The majority of the substantive provisions of the Protection of Personal Information Act (POPIA) came into effect on 1 July 2020. Organisations were, however, afforded a 12-month grace period to ensure compliance with POPIA by 30 June 2021.
With the grace period coming to an end in less than four months, the Information Regulator has published the Guidelines to Develop Codes of Conduct and given notice that the POPIA Regulations (which were published in December 2018) will come into effect as follows:
- Regulation 4 (Responsibilities of Information Officers) will take effect on 1 May 2021;
- Regulation 5 (Application for Code of Conduct) took effect from 1 March 2021; and
- the remaining Regulations will take effect on 1 July 2021.
Responsibilities of information officers
POPIA requires every responsible party (regardless of its size or form) to appoint an information officer (and potentially deputy information officers) and to register the individual with the Information Regulator.
Once registered, section 55 of POPIA prescribes certain duties that an information officer is required to comply with. These duties include, among other things, ensuring that the responsible party complies with the provisions of POPIA, dealing with requests made under POPIA, and assisting the Information Regulator with any investigations conducted in respect of the responsible party.
In addition to the duties set out in POPIA above, Regulation 4 of the POPIA Regulations prescribes additional duties to be performed by information officers, which include ensuring that:
- a compliance framework is developed, implemented, monitored and maintained;
- a personal information impact assessment is done to ensure that adequate measures and standards exist in order to comply with the conditions for the lawful processing of personal information;
- a manual is developed, maintained and made available as prescribed in terms of the Promotion of Access to Information Act (commonly referred to as PAIA);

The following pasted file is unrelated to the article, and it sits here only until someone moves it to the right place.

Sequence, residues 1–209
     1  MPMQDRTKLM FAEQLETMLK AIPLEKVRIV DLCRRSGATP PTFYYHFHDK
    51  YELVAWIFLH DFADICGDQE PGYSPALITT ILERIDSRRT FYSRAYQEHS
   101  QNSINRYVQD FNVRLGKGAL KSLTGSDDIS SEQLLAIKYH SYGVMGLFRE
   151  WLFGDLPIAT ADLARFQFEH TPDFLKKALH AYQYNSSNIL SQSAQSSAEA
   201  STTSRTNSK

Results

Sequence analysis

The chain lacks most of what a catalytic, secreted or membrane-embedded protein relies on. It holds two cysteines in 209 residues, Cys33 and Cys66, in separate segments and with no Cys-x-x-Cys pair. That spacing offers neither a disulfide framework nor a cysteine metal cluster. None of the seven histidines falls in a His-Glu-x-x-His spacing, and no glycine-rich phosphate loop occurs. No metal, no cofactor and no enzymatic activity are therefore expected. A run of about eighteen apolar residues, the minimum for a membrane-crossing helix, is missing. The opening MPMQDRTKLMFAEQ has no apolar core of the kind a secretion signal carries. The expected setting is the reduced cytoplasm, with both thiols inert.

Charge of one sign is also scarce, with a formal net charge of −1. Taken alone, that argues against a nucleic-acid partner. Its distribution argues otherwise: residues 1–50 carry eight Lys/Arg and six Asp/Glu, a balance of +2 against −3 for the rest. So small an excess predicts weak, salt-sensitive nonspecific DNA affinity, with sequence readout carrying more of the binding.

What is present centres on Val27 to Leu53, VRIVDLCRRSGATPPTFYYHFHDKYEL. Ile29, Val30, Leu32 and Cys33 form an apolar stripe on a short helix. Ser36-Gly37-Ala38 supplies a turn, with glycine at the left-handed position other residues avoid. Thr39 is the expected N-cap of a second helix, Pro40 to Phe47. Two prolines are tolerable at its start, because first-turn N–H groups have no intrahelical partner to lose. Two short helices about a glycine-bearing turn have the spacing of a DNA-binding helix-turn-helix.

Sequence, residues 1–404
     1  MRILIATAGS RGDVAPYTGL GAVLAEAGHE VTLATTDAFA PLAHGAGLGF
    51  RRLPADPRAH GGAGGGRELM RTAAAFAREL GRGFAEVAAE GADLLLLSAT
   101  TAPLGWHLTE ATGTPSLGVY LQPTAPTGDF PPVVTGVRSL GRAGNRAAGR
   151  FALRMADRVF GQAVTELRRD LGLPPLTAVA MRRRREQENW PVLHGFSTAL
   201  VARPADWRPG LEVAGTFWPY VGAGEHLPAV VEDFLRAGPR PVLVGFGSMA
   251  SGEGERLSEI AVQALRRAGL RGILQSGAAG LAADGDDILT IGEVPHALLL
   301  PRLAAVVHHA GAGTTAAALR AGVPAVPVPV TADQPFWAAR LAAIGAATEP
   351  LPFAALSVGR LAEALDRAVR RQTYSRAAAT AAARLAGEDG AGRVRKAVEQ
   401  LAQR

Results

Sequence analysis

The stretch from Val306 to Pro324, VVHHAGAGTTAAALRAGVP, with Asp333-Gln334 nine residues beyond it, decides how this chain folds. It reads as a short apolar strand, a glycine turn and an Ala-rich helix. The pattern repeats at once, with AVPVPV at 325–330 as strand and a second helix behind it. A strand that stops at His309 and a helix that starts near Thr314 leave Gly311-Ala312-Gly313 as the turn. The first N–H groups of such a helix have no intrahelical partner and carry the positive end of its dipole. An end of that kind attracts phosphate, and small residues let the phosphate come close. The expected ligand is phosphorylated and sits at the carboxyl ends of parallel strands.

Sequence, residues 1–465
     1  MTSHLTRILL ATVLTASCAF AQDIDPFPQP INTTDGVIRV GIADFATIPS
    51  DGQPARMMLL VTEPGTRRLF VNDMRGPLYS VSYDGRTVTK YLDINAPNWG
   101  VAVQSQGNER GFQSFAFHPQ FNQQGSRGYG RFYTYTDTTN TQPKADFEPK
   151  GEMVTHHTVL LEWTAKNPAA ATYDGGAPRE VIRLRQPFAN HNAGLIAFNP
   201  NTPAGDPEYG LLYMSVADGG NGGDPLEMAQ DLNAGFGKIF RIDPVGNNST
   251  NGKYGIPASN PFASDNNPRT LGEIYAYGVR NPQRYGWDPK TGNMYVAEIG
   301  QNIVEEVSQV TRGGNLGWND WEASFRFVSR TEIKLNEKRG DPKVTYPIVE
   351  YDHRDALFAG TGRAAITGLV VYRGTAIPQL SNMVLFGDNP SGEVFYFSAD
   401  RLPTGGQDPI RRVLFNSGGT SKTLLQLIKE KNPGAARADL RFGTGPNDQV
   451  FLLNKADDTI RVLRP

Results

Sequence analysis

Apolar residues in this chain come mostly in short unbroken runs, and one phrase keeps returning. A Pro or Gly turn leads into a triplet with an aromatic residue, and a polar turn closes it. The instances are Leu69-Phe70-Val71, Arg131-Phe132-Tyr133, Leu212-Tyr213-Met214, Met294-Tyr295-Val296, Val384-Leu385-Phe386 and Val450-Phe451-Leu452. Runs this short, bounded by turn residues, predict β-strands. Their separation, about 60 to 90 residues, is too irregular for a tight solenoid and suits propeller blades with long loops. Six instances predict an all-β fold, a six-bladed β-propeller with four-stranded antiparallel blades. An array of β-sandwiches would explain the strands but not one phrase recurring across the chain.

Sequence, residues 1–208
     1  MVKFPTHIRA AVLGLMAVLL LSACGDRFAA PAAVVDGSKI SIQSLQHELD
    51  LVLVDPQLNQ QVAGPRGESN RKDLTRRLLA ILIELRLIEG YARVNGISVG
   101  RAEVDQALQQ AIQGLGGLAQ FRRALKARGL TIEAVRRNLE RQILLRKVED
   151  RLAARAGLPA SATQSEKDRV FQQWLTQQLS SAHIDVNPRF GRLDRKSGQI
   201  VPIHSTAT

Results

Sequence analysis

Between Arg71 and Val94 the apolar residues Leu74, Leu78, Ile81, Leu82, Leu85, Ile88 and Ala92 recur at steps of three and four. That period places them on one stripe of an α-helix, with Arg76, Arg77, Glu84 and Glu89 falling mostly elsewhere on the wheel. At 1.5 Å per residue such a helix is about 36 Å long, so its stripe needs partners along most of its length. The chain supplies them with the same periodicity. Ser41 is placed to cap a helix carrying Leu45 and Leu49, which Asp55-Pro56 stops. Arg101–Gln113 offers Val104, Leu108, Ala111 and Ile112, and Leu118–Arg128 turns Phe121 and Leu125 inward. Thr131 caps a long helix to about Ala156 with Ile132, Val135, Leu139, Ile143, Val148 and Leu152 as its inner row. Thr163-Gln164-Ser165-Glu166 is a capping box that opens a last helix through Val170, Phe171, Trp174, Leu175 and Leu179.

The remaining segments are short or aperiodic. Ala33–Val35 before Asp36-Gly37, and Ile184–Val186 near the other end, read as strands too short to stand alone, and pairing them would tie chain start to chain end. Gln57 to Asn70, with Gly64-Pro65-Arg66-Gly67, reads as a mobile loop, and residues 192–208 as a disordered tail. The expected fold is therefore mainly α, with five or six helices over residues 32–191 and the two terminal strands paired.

- internal measures are developed together with adequate systems to process requests for information; and
- internal awareness sessions are conducted regarding the provisions of POPIA and the Regulations.
The draft Guidelines on the Registration of Information Regulators published in August last year indicate that all information officers will be required to be registered with the Information Regulator by 31 March 2021. These guidelines have not yet, however, been finalised.
In light of Regulation 4 coming into effect from 1 May 2021, we anticipate that the Information Regulator will finalise the guidelines soon in order to allow for the information officers to commence with their duties.
Codes of Conduct
Chapter 7 of POPIA allows for the Information Regulator to develop and issue codes of conduct which may apply to certain types of personal information, specific industries, professions, bodies or to specific types of activities.
In this regard, the Information Regulator has published Guidelines to Develop Codes of Conduct in terms of section 65 of POPIA. The Guidelines, amongst other things:
- provide guidance on the process for the development of a code of conduct by the Information Regulator or an application by relevant bodies;
- outlines the matters that need to be addressed in the issuing and registration of approved codes; and
- outlines the procedures that may be prescribed in a code for dealing with complaints.
With effect from 1 March 2021, Regulation 5 of the POPIA Regulations requires any industry, profession or body who wishes to apply for the issuing of a code of conduct to submit an application to the Information Regulator using Form 3 published in terms of the Regulations.
As the deadline for compliance with the provisions of POPIA is fast-approaching and the Regulations in their entirety will be in effect from 1 July 2021, it is important for organisations to take steps now to ensure that they are already complying with POPIA. Employers may find the Bowmans POPIA Toolkit for Employers of great assistance in getting POPIA-ready.
The content of this article is intended to provide a general guide to the subject matter. Specialist advice should be sought about your specific circumstances.